The nation’s unemployment level dropped more sharply than expected in January, surprising economists and suggesting the possibility of more underlying strength in the recovery than many had believed.
But the good news in the Labor Department’s January jobs report was tempered by reports that employers overall added far fewer jobs than had been projected -- and by the disruptive but hard-to-measure effect of severe winter weather that threw a wild card into the equation.
The economy produced just 36,000 net new jobs last month, as payrolls in construction, transportation and the rapidly growing temporary-help sector fell back, the data released Friday showed.
At the same time, retail hiring was solid and manufacturing employment surged, reflecting stronger car sales and export orders. Those gains helped drive the overall jobless rate to a nearly two-year low of 9% last month. That was a substantial drop from the 9.4% in December and 9.8% in November.
The last time the unemployment number sank by that much over a two-month period was in the fall of 1958, when there was a swift rebound in hiring after a recession.
The current economic recovery has been very slow to generate new jobs.
Revised data released Friday showed that the economy lost 8.7 million jobs in 2008 and 2009, even more than previously estimated, and that the nation had regained only about 1 million jobs in the last year, or an average of fewer than 100,000 a month.
Secretary of Labor Hilda L. Solis said she was heartened by the January decline in joblessness. She suggested that there may be more hiring beneath the surface -- by start-ups and other small businesses whose activity is not always fully captured in the government’s monthly surveys.
She also pointed to the biggest bright spot in the payroll report: U.S. manufacturing employment jumped by 49,000 in January.
“And we continue to create jobs,” she said.
But a number of private economists expressed disappointment in the latest jobs report.
While acknowledging that bad weather clearly hurt employment last month -- Labor Department officials surveyed employers during the week of Jan. 9, when freezing temperatures slammed the South -- the experts said there were few indications that employers other than manufacturers were loosening up their Scrooge-like hiring policies.
“I’m impressed to see the unemployment rate go down to 9 [percent], but I just don’t think it’s real and will stay there,” said Dean Baker, co-director of the Center for Economic Policy Research in Washington.
He considered the sharp drop more of a statistical fluke than reflecting substantive gains in employment.
Overall, analysts were expecting about 140,000 new jobs in January, slightly more than the upwardly revised growth of 121,000 in December.
Adding to the payroll weakness last month were budget-strapped governments, which continued to shed jobs.
Given strength in other economic data in recent weeks, job growth remains the missing link in the recovery.
“It’s disappointing in that we didn’t see the gains in absolute number of jobs,” said Patrick O’Keefe, economic research director at the financial advisory firm J.H. Cohn and former deputy assistant secretary at the Labor Department.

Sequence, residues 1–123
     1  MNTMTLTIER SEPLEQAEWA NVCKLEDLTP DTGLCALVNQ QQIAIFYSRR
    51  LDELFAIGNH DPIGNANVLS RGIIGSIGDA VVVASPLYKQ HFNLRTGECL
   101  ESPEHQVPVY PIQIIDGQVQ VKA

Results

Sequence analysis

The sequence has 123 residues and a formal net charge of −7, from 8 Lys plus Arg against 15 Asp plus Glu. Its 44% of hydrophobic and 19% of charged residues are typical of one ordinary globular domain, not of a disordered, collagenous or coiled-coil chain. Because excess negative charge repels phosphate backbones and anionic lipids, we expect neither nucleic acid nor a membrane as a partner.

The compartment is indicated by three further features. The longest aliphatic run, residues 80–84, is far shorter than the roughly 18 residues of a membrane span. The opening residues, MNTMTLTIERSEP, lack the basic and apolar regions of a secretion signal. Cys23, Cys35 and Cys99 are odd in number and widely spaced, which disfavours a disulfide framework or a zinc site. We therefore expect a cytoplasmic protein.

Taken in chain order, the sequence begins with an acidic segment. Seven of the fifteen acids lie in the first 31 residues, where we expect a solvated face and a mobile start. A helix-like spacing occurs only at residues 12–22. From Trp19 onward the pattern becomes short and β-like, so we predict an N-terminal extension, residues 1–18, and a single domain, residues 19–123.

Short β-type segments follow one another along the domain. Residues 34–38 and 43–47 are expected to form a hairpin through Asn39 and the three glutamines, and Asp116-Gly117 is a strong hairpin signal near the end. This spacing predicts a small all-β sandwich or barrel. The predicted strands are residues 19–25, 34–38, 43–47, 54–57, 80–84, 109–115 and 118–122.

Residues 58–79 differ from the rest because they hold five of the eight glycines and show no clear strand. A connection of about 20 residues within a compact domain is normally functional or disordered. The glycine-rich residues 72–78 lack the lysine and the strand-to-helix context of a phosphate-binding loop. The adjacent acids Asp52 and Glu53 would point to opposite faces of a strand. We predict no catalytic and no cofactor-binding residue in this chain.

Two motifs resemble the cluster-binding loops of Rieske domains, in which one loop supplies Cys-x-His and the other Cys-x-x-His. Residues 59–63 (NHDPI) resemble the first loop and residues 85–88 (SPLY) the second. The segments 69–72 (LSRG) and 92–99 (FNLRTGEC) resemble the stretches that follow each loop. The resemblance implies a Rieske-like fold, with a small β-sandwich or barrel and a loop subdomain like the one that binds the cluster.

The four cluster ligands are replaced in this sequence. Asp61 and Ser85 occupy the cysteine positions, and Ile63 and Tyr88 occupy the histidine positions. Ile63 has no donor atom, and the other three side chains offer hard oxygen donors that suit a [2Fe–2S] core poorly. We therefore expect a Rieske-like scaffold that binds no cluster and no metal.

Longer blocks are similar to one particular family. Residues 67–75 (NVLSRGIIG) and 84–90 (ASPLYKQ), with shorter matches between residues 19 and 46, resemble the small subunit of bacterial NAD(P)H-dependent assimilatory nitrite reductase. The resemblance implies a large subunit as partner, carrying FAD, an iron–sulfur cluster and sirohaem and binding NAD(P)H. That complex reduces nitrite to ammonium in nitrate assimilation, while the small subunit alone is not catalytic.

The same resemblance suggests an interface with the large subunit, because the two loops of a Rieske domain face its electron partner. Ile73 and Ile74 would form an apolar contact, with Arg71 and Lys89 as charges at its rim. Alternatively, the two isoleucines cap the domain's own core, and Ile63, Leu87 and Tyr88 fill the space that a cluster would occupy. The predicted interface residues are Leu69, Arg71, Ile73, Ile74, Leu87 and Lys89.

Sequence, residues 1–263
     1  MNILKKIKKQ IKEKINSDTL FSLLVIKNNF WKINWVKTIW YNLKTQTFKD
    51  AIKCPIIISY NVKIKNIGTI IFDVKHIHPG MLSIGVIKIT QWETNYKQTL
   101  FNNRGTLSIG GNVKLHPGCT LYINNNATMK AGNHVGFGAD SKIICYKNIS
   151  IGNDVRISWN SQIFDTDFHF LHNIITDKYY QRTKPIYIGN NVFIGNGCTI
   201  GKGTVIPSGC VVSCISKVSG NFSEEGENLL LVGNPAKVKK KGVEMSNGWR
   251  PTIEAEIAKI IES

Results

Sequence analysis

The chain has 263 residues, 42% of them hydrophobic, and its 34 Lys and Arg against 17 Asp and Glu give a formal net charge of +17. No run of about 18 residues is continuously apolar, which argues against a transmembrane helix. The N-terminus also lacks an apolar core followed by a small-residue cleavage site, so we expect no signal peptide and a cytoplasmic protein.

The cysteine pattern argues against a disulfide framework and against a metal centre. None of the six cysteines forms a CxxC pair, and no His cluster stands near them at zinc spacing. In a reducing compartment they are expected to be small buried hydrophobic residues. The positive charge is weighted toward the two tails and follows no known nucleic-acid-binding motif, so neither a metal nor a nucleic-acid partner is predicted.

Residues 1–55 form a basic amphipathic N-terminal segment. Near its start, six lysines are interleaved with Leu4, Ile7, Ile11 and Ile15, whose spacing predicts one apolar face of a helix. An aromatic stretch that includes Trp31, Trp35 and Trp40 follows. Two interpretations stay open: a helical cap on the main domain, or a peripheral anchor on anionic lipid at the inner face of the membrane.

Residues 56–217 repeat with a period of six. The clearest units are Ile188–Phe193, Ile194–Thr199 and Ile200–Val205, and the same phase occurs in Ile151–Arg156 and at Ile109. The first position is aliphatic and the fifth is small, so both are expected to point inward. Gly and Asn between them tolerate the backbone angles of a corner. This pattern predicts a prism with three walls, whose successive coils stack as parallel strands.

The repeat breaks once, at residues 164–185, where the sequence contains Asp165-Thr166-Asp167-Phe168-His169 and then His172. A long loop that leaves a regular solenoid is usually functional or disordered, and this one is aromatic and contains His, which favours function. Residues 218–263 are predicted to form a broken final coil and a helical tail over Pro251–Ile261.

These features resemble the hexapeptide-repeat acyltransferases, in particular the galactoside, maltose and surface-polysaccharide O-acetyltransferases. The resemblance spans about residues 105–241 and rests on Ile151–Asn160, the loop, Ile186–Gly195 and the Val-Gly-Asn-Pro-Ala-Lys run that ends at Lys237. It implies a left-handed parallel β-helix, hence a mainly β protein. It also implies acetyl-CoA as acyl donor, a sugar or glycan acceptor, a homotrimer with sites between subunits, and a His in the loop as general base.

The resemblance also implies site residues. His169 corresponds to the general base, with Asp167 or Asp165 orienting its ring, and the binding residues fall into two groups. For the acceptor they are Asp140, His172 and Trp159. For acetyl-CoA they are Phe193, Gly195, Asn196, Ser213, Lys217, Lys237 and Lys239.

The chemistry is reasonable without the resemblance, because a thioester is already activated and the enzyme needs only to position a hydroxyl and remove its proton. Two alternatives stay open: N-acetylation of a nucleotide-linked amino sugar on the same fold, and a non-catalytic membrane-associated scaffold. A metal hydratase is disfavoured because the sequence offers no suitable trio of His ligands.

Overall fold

But he was cautious about reading too much into one month’s data, especially a month in which weather and annual population revisions added to the complications.
O’Keefe said he was still looking for employers nationwide to add an average of 250,000 jobs a month this year -- more than double last year’s pace.
Many investors and bond traders seemed to be encouraged by Friday’s mixed report. Bond yields rose, suggesting expectations of higher inflation as better job growth buoys the economic recovery. Stock indexes inched up too: The Dow Jones industrial average added 29.89 points, or 0.2%, to a new 21/2-year high of 12,092.15.
“The economy does seem to be gaining some momentum,” said Lynn Reaser, president of the National Assn. for Business Economics. Her group’s January survey of industry economists revealed the best six-month employment outlook in 12 years.
The biggest threat now, Reaser said, is the recent surge in oil prices in the wake of the crisis in Egypt.
“That could dampen consumer spending and company profits and their willingness take on additional workers,” she said.
Other surveys of small businesses also suggest greater optimism in hiring, though no dramatic uptick. Economists have pointed to a number of factors that may be constraining new hires, including greater offshoring, or sending jobs to other countries, increases in productivity through technology and concerns about rising healthcare insurance costs for employers.
Whatever the immediate strengths or weakness in the job market, Friday’s release of annual revisions indicated that full recovery is even further away than previously thought.
One important measure of labor vitality is the share of the working-age population that is employed. In January, that share was near a three-decade low of 58.4%, compared with about 63% in 2007. That means about 7 million fewer people 16 years and older have jobs today than at the end of 2007.
“The significance of that is, in contemporary America, most of the households have multiple earners,” O’Keefe said. “Their spending patterns -- car loans and mortgages -- are predicated on multiple incomes, not primary breadwinners.”
So unless job growth picks up and more of the 14 million officially unemployed -- and the millions more who dropped out of the labor force in recent years -- get back on their feet, the power of consumer spending may fizzle.
With stronger factory orders and retail sales, “at some point that might move employers to be more confident and commit to hiring,” said Harry Holzer, a labor economist with Georgetown University and the Urban Institute. “It just hasn’t happened yet.”